Sharon: No Peace While Arafat Is Around

Israeli Prime Minister Ariel Sharon Wednesday intensified his criticism of Secretary of State Colin Powell's decision to meet with Yasser Arafat, saying there can be no peace with the Palestinian leader because he stands at the center of "an empire of terror."

In an off-camera interview with Fox News, his first with an American news organization since Israel confined Arafat to his West Bank headquarters last month, Sharon revealed he had also sent a message through Vice President Dick Cheney advising Syria to rein in the Hezbollah terrorist group or face a massive Israeli retaliation.

As he prepared to visit Jenin, the northern town where 13 Israeli soldiers were killed in a booby-trapped building on Tuesday, Sharon vented his contempt for his longtime Palestinian nemesis.

"He chose a strategy of terror and formed a coalition of terror," Sharon said. He claimed Arafat maintained an "open channel" of communication with Iraqi dictator Saddam Hussein, and that one of Arafat’s ministers had visited Baghdad as recently as December.

Sharon also expressed his impatience with Powell, who plans to meet with Arafat later this week, a decision Sharon called a "tragic mistake." Arafat has been confined by Israeli troops to his Ramallah headquarters since March 29.

"Powell knows who Arafat is, but the U.S. is having a problem with the Middle East now and wants it to be quiet so it can get on with its own war against terror," Sharon said. "The Arab world is taking advantage of that and saying if Israel does not agree to conditions that it cannot accept, that would mean it cannot survive, then there will be no peace in the Middle East.

"Arafat stands behind the terror in the world today. Israel will continue to act against terror. President Bush said one should not negotiate with terrorists. Well? Israel faces terror every day," said Sharon.

"With Arafat it will never be peace because he doesn’t want peace. He is now isolated, and look what he’s doing. So what do you think he was doing before he was isolated? The PLO is an empire of terror. They look into your eyes and lie."

But Sharon conceded Arafat is still secure in his role as Palestinian leader. "No one will dare to act like they could replace him. After all, he’s accepted as legitimate by the secretary of state of the world’s only superpower. I said it was a tragic mistake. It’s a mistake not just from Israel’s point of view, but for American interests."

Sharon, who said recently that he made a mistake by not killing Arafat 20 years ago when Israeli troops under his command had the Palestinian Liberation Organization leader trapped in Beirut, dismissed as a suggestion Arafat is cramped with his followers into two rooms without electricity, and that Israel refuses to let him meet Powell elsewhere.

"Arafat claims he has no electricity, but he has electricity. He just prefers to have pictures taken of him by candlelight so he looks more pitiful. He says he has two rooms. Let me tell you, he has about 20 rooms down there. He doesn’t want to leave that headquarters to meet Powell because he thinks we’ll go in and take the murderers who are there with him. He won’t leave because he’s afraid."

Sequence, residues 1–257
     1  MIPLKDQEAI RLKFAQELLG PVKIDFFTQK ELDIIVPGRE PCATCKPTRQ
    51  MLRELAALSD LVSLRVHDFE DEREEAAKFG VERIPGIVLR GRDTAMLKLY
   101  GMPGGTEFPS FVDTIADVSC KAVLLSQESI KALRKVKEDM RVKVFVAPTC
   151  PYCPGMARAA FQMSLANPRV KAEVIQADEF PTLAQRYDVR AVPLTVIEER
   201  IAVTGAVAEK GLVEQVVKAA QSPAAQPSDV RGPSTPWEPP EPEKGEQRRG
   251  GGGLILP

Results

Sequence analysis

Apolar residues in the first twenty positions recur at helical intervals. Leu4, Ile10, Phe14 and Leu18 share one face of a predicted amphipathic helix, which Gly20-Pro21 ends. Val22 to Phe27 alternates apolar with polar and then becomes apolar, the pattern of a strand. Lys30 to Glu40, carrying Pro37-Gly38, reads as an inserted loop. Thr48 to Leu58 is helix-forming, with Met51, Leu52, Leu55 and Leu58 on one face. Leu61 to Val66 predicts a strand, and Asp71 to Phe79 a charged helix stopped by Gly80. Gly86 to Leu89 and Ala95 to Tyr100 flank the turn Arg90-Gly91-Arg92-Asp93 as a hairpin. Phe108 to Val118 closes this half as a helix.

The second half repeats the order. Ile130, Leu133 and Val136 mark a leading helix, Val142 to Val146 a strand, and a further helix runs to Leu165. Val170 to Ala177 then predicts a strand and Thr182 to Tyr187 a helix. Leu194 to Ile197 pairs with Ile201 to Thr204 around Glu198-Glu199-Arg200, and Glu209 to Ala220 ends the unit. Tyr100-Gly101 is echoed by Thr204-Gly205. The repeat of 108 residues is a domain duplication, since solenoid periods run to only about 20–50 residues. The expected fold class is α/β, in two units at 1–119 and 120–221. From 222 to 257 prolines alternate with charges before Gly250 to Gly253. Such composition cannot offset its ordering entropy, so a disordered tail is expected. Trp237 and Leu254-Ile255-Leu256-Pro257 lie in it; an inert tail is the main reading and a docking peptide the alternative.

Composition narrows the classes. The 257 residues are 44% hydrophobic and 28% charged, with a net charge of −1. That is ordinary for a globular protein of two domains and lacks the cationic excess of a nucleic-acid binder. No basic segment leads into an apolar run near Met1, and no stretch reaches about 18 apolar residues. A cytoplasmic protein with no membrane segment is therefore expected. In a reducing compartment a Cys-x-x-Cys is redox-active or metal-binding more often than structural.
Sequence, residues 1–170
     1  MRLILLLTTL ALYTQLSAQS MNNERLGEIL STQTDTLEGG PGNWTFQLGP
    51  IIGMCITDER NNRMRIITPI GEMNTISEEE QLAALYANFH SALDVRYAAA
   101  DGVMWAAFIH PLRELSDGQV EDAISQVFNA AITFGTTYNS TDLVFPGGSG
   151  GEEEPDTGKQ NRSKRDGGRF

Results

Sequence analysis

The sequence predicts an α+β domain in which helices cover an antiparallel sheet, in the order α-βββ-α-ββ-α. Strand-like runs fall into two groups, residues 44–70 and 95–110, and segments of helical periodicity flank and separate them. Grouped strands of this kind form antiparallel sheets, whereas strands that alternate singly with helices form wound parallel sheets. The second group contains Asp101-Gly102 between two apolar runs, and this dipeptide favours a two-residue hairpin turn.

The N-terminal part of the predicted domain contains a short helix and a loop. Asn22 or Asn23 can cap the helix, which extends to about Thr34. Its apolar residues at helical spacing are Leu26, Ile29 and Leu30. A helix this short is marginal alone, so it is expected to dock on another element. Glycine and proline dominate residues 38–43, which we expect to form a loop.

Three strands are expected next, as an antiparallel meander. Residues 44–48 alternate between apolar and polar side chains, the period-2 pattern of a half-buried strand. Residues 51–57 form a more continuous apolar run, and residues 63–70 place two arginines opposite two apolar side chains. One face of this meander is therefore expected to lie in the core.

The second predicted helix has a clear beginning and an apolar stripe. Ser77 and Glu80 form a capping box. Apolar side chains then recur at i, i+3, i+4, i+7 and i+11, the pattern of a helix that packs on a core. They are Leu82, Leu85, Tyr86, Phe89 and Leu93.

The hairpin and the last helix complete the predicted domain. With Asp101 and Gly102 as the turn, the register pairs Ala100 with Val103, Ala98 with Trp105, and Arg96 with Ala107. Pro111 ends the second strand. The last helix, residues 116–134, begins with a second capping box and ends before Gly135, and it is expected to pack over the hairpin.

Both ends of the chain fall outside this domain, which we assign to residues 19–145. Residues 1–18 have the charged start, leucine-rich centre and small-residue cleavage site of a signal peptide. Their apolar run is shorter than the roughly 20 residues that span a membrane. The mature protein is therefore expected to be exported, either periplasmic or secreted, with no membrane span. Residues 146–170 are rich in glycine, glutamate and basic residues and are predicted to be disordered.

Sharon said Arafat keeps an open channel of communication with Saddam, even now, and said Saddam is involved in the current conflict with Israel. Sharon also accused Iraq of smuggling weapons to the Palestinians through Jordan and across the Dead Sea. He also claimed Arafat’s Minister of Finance, Maher al Masri, visited Baghdad twice last year — in October and December.

"I told Cheney Israel would stand by the U.S. in whatever decision it makes with regard to an attack against Iraq," said Sharon. "We believe the U.S. will succeed if it decides to go ahead with such an attack. We also believe that if Saddam is backed into a corner, he will launch ground to ground missiles into Israeli territory. And in an extreme scenario, he will unleash nonconventional weapons — chemical and biological, but not nuclear. In addition, Hezbollah in Lebanon may activate its range of missiles against Israel."

Sharon said he told Cheney: "We are both fighting for the same values — the eradication of terrorism. It is very important that we not take any steps or make any decisions that would undermine the future security of the state of Israel. You will succeed against Saddam. But we have to stay and live here in the region."

Sharon noted an increase in attacks across the Lebanese-Israeli border by Hezbollah, a Syrian and Iranian-backed group. "I delivered a message for the Syrians via the United States but it was passed on at a low level the first time and nothing happened," Sharon said.

"Then I talked to Cheney and said, if the shelling from Hezbollah continues, Israel will have to take extremely severe action against Syria and Lebanon. Cheney called Bashar Assad on Tuesday and relayed the message, but so far I haven’t seen anything change.

"I told Cheney exactly what we are going to do. The message was very clear."